Updated: Feb 25, 2020
Is everyone around you tired?
Have you ever wondered why you and everyone around you is tired?
I think we as individuals and a society are suffering from the same malady: Post-Industrial Depression. This describes the general malaise we are experiencing as a result of living in the post-industrial age.
With less personal communication and more digital communication, we are moving further into isolation and away from our communities. As social media shows us the narratives of jet-setters with flawless skin, picture-perfect families, and endless smiles, our sense of self takes a toll as we wonder why our own lives do not seem as glamorous.
Information addiction is a socially accepted problem that plagues device-users who struggle to put their phones, tablets, and laptops away. After being indoctrinated into the world of social media applications as a teenager, I have had a hard time training myself to not pick up my phone and mindlessly scroll placating the craving for a dopamine rush.
Our access to information is a blessing and a curse, as we are all too aware that the oceans are filled with plastics, nuclear weapons can destroy the entire planet in minutes (which has nearly happened a number of times), and personal privacy has become a luxury that few can afford.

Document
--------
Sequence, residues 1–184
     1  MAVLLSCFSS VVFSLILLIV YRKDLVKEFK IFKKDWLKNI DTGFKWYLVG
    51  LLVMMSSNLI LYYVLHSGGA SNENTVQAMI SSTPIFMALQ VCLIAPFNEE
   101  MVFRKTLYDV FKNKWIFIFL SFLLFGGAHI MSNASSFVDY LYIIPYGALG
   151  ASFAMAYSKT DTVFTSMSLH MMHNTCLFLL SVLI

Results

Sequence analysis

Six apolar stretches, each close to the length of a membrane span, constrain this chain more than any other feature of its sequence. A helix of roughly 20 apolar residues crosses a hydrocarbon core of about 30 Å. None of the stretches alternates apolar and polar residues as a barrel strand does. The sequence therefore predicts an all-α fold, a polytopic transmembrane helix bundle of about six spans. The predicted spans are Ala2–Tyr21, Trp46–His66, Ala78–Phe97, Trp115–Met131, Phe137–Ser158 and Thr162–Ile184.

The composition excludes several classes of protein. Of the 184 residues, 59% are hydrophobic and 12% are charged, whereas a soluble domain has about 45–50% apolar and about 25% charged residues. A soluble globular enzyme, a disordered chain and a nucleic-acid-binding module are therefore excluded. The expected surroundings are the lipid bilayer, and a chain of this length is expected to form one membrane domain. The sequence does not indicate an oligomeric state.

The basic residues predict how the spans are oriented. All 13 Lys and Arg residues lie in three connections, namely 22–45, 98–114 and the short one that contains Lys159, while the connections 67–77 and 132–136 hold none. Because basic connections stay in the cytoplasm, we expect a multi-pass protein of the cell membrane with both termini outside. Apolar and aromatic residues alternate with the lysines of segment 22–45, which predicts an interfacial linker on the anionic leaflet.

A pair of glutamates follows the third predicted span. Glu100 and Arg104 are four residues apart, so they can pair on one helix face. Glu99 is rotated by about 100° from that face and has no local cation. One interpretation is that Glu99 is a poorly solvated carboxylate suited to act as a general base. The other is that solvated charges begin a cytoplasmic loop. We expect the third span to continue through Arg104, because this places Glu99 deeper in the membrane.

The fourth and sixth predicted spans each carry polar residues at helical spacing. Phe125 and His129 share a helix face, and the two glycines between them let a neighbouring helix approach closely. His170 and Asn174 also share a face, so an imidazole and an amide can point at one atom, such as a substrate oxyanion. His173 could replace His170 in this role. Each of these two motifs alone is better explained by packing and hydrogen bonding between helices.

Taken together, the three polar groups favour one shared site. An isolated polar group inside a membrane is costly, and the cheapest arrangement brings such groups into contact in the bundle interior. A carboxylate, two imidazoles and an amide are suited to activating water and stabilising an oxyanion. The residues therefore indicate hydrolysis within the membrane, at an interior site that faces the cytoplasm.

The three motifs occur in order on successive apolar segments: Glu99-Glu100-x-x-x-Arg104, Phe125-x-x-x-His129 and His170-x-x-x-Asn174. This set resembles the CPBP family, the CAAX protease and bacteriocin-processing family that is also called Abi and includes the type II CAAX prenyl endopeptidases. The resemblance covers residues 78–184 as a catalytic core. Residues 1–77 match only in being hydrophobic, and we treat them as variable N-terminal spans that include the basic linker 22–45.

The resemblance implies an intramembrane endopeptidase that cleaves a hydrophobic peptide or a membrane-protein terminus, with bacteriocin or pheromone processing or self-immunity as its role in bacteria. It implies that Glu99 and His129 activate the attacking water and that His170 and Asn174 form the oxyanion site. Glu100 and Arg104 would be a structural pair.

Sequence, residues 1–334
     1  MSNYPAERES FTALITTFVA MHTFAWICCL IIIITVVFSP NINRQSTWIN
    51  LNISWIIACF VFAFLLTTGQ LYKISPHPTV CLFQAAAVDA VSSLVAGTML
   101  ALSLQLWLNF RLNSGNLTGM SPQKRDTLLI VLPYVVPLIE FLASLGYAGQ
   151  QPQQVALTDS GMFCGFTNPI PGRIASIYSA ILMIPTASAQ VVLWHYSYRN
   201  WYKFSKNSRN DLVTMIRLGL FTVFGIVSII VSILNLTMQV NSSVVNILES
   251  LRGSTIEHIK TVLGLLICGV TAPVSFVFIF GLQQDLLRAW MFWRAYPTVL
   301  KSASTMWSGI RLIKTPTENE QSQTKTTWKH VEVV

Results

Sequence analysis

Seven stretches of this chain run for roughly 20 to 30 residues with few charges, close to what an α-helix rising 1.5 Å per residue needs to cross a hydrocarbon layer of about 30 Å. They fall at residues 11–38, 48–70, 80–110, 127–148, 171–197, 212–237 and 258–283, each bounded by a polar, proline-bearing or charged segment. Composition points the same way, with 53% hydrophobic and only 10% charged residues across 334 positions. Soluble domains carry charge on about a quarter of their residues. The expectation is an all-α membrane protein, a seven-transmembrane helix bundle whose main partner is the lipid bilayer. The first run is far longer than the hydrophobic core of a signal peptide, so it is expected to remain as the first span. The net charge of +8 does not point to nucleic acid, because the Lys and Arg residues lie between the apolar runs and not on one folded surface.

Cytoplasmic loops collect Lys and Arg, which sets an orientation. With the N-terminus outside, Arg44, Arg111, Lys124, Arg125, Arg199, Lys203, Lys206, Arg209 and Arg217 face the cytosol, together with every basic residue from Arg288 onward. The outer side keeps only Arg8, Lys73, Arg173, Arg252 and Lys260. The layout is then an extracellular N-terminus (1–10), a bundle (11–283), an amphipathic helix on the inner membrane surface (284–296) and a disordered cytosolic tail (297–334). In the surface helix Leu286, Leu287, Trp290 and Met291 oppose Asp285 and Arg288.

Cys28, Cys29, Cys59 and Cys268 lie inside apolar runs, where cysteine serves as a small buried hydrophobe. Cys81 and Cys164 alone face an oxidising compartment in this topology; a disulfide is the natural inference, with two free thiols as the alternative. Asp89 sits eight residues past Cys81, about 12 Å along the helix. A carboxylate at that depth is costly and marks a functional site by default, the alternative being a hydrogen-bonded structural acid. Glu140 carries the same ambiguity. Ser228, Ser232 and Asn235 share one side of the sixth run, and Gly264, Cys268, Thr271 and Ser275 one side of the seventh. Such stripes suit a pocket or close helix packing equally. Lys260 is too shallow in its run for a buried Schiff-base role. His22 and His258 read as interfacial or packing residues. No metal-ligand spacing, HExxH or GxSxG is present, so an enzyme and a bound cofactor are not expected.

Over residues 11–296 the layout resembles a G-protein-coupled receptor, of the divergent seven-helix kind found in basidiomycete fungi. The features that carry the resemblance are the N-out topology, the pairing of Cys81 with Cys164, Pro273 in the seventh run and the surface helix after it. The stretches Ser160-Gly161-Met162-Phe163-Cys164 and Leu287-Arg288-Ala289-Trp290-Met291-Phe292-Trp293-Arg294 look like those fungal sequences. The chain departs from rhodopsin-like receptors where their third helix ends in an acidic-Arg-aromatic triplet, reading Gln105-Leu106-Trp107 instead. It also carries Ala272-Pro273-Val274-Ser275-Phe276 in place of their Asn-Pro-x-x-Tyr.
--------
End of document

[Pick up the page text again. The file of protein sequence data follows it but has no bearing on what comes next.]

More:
These are just a few of the factors that contribute to the post-industrial depression we are experiencing.
We need to articulate and communicate what we are experiencing, or the problems that have developed in the past few decades will exacerbate before we can figure out what is happening. In order to do that, we need a language, and we are in the midst of creating one. My associate, Blair Chapman, and I began creating terminology to help us explain our observations and realized others may benefit from our vocabulary as well. We created Badphone2020 to help us do that, and we are combining social commentary with art and fashion. Post-Industrial Depression is the first term we are sharing through the project, and we look forward to sharing the others.
I do not think we are stuck with post-industrial depression; I think we are in the transitional period. We can combat the ennui through deepening our understanding of the modern age, and this starts with the tools to conceptualize what is unique to this era.
This article was originally posted on Medium at